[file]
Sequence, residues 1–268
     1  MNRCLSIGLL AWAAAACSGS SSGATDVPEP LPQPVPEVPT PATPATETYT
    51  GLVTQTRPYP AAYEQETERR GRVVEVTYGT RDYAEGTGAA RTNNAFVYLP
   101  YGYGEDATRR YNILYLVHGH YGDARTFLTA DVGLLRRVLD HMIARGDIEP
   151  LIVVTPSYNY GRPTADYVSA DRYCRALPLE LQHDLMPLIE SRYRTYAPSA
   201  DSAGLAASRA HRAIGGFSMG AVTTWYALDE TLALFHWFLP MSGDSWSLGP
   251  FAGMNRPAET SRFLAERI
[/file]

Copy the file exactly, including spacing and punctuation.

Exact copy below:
Sequence, residues 1–268
     1  MNRCLSIGLL AWAAAACSGS SSGATDVPEP LPQPVPEVPT PATPATETYT
    51  GLVTQTRPYP AAYEQETERR GRVVEVTYGT RDYAEGTGAA RTNNAFVYLP
   101  YGYGEDATRR YNILYLVHGH YGDARTFLTA DVGLLRRVLD HMIARGDIEP
   151  LIVVTPSYNY GRPTADYVSA DRYCRALPLE LQHDLMPLIE SRYRTYAPSA
   201  DSAGLAASRA HRAIGGFSMG AVTTWYALDE TLALFHWFLP MSGDSWSLGP
   251  FAGMNRPAET SRFLAERI